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Why Milwaukee Rap is Taking Over TikTok

The Milwaukee rap scene doesn’t boast the decades-long lore of their close neighbors in Detroit and Chicago, but that may be changing thanks to a slew of viral rappers making waves in the city and on social media. Rappers Steve Da Stoner and AyooLii have been dominating TikTok over the past few months with a pair of dance crazes that are bringing Milwaukee into the national consciousness. TikTokers are having a ball making videos based on a dance from Steve Da Stoner’s “Barkin” as well as rapper-producer (and comedian) AyooLii’s “Same.”

But Steve and AyooLii are just the tip of the iceberg in a community full of colorful, individualist artists dropping music with traces of the Detroit influence their inculcated with their own slang and worldview. QC signee Lakeyah has the most notoriety of any Milwaukee MC right now, but there’s plenty more where she came from, such as Solowke, Mula Mar, and DC The Don. 

Steve Da Stoner’s viral “Barkin” is a twist on the Ying Yang Twins’ classic strip club anthem, “Whistle While U Twerk.” But the only thing clapping on Steve’s version are bars like, “I done shot it out with the best, but I’m still standin’ / bullets rippin’ through that vest it cannot save you,” delivered with such quintessential Midwest swagger that he pulls off not even rhyming. The track, released last summer, showcases Steve at his best, delivering plug talk over the region’s trademark drum pattern. The song caught fire on TikTok, with users using the track’s roll call of women as the springboard to get their best dances off. Last December, Steve took it upon himself to create an instructional video for the dance, helping buoy thousands of TikTok posts about the song.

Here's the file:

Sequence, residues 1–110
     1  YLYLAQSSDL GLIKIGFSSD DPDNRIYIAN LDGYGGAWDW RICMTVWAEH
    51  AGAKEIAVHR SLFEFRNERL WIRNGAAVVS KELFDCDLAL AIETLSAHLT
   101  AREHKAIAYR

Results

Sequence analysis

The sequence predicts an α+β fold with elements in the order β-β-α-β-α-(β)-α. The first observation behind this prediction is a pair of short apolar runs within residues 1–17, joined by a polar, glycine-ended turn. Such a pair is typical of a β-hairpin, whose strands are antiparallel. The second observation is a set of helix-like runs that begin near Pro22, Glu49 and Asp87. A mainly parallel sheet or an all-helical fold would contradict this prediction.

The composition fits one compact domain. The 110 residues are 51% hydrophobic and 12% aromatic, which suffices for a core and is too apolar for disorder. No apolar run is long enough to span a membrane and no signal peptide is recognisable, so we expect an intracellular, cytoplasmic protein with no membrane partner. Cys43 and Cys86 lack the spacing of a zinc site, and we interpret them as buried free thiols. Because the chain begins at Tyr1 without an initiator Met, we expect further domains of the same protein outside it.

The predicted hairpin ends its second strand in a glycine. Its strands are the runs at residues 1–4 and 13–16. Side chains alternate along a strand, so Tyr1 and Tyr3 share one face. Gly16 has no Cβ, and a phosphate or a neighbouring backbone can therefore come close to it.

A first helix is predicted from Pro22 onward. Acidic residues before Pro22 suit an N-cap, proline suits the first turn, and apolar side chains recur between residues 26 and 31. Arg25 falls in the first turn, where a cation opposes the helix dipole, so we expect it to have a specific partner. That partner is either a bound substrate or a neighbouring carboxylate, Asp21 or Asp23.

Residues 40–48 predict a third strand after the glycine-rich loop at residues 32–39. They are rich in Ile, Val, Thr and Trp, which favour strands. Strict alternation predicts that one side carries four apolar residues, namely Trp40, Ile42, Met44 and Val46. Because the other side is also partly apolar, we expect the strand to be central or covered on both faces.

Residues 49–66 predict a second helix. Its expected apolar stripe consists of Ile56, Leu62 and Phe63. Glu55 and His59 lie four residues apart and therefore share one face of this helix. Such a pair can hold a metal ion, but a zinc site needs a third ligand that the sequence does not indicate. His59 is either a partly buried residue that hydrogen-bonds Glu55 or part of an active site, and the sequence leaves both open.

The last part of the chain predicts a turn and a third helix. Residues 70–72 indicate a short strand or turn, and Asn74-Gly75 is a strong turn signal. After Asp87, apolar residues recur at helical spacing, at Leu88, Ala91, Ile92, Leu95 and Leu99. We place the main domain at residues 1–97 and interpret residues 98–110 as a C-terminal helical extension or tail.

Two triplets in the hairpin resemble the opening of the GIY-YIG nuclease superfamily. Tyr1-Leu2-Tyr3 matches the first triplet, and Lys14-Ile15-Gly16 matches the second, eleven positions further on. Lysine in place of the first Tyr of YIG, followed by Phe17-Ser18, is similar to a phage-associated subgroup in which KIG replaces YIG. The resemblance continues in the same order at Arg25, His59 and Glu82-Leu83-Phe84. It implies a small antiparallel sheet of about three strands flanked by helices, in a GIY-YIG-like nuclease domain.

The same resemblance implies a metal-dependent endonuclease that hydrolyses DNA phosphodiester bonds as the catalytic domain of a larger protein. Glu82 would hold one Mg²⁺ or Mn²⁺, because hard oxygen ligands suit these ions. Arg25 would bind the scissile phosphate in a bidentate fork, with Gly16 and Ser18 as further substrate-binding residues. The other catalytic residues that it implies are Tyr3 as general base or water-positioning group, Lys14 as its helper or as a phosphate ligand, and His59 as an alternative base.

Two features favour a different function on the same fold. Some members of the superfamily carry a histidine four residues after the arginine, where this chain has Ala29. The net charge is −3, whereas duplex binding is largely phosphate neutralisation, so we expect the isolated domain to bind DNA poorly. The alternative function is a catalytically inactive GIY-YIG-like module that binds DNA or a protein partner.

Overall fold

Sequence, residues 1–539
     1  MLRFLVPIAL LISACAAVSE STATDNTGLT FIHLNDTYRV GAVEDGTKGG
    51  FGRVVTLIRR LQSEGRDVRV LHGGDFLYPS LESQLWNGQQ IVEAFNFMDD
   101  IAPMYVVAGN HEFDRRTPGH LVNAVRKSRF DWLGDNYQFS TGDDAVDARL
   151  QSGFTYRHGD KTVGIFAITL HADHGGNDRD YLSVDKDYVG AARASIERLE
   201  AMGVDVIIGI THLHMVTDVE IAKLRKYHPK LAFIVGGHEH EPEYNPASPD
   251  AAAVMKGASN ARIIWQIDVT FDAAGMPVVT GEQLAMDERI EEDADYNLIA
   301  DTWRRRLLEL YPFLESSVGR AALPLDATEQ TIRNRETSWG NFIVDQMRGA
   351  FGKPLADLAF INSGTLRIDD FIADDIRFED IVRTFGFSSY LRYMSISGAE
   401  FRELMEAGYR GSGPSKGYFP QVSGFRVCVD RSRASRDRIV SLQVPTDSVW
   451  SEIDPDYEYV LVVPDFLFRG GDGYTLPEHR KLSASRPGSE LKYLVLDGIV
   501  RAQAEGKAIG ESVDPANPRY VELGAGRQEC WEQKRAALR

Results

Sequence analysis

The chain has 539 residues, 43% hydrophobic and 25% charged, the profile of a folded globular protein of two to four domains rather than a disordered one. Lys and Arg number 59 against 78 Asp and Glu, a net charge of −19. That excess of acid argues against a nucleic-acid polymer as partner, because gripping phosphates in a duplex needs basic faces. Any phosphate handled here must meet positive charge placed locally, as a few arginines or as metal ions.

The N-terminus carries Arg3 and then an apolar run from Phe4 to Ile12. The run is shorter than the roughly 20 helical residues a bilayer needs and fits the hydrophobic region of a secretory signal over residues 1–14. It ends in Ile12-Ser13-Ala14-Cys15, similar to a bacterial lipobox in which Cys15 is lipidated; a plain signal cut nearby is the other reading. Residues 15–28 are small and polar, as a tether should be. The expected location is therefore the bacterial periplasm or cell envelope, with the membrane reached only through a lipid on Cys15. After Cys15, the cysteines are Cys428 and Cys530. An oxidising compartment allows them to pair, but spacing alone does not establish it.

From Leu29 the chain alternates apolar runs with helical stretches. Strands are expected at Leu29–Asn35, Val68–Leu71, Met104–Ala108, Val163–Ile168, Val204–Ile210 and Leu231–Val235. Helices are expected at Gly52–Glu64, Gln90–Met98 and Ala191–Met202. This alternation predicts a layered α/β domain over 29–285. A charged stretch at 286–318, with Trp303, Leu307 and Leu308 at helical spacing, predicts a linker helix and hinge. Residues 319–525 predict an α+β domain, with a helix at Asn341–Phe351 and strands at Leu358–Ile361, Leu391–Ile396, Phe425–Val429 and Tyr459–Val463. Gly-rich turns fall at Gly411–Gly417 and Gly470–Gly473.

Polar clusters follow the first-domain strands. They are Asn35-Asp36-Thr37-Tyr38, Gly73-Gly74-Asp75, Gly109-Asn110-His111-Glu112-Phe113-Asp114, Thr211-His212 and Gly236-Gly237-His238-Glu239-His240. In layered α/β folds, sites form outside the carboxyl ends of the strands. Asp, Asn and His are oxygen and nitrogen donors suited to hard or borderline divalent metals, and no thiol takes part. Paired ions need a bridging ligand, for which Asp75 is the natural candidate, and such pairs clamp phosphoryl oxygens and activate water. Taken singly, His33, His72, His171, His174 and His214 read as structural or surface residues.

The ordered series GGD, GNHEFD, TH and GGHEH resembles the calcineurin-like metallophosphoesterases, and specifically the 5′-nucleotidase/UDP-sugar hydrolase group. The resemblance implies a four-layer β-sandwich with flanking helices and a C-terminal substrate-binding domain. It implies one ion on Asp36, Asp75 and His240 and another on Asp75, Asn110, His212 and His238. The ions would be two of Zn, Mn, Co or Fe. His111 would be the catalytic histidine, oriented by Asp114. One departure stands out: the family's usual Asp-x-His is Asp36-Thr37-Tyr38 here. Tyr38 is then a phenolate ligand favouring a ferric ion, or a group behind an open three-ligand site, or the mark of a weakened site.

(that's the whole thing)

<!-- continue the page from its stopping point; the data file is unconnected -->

He had another viral moment in 2018 when he dropped the video for “2 Busy,” which included an infamous scene of him doing a dance he calls “Buckin,” where he drops to the floor and bounces up and down while throwing his money. In an interview with The Hip Hop Lab, he explained that he did the dance specifically after he rhymed, “they thought I lied when I told ‘em I’ma make the dub” because it’s a real-life reference to him earning $20,000 in bail money for his brother, who’s currently imprisoned for ten years. He was incarcerated while the “2 Busy” dance first went viral, but upon his release, he dropped another video breathing new life into the dance. Detractors have expressed that the dance looks too close to twerking and belies “2 Busy’s” menace, but he’s clarified, “niggas knowin’ I’m not shakin’ my ass.” And now, “Barkin” is a less polarizing opportunity to have fun. 

Steve says in the interview that he grew up as part of a crew called the Juke Boys, who would often dance during house parties, and that’s reflected in his videos. Milwaukee is just two hours away from Chicago and its rich footwork scene, and Steve Da Stoner is now embracing that legacy through his city’s unique lens.

AyooLii is another Milwaukee MC who, with his partners Certified Trapper and Maz G, is garnering fame with dances. TikTok users made over 4 million videos with the hashtag #milwaukeedance, featuring clips of young people dancing in a manner like AyooLi in his “Same” video, a low-frills affair alternating scenes of him whipping in a pot and doing his signature dance — all while wearing a balaclava ski mask. Some would say it’s counterintuitive for a young artist to record a video obscuring his face (unless that was specifically their thing). Still, Ayoo was easily identifiable by the way he was waving his arms and body along with the sway of xaviersobased’s frenetic production.